Hebrew, as well as Arabic and Urdu, are written from right to left (RTL), as opposed to English and other western languages that are written from left to right (LTR). This poses a challenge for computer systems because they require a special bidirectional algorithm[i] in order to display these texts correctly. Software developers and engineers often find working with Flash to create multilingual content extremely difficult when translating into these languages, since Flash doesn’t have the capability to support RTL text flow. Most of our RTL Flash projects involve e-learning content, with the end goal of creating localized online trainings in these languages. The project flow consists in the following steps: 1. Developers place the translatable Flash files (.SWF) into .xml files, a format that is easier for the translation team to handle. 2. The translation team translate and finalize translatable text as an .xml file and, 3. Developers then place the translations back into the .SWF files or Flash environment.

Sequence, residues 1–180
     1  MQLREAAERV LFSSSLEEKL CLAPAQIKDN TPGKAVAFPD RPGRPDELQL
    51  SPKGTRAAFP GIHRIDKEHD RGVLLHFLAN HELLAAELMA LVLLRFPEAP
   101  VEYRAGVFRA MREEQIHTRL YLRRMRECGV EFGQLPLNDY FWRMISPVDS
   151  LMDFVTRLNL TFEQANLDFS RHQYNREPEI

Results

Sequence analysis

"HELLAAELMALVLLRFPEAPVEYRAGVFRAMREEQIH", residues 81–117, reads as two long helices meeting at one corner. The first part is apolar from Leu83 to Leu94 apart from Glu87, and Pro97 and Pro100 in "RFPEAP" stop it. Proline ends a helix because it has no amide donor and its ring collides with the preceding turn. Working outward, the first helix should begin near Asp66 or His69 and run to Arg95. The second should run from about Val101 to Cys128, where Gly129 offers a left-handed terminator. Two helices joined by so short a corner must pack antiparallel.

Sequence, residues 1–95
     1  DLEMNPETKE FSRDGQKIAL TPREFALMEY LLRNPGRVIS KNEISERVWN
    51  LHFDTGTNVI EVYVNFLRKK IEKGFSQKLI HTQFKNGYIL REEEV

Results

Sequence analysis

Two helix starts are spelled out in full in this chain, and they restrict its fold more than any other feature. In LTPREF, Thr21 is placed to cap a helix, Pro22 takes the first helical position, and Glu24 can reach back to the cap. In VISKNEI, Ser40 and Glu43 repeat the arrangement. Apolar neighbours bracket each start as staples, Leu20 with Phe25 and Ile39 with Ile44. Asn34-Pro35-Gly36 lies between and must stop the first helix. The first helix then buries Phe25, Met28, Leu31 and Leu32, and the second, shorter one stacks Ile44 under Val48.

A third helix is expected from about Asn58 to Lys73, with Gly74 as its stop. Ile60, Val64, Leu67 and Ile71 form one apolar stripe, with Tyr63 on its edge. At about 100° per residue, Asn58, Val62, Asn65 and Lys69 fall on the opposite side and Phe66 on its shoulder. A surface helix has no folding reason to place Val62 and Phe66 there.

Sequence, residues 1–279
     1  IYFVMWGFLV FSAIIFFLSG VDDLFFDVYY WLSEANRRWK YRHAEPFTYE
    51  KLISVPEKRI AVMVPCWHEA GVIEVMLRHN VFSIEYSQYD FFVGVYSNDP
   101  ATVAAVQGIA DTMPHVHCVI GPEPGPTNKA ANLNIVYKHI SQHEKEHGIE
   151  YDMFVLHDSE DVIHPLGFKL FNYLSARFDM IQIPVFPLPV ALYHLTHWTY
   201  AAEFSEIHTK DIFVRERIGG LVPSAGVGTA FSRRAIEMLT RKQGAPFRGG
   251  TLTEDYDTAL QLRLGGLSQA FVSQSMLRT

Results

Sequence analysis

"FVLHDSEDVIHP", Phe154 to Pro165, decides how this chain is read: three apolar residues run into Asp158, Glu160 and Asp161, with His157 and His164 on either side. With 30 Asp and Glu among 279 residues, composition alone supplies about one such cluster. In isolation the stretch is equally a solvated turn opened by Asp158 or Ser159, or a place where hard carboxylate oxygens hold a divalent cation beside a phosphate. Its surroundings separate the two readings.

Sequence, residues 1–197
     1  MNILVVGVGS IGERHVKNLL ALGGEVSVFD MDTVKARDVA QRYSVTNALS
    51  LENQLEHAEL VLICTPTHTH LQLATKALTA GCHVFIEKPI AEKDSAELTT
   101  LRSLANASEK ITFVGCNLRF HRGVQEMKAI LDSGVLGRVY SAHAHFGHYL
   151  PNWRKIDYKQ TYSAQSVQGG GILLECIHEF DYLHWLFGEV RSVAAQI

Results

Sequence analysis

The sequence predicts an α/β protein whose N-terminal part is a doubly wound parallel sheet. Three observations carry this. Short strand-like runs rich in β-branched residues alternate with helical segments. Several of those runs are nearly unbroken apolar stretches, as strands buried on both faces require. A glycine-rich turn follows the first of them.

The process described above is not at all challenging with LTR languages, but it quickly gets complicated with RTL languages and indeed, Hebrew has caused some headaches for our developers and engineering team. The main difficulty is that Flash “wants” to read the text as it would read the letters in a LTR language, and when this happens the characters are mirrored or their order is swapped. Imagine that you have embedded the word HOUSE as text field, and no matter how much you want to manipulate the text you keep getting ESUOH when trying to place the content into the source .SWF files.
These are some reasons our engineers often highlight as to why Hebrew takes longer than other LTR languages: (more…)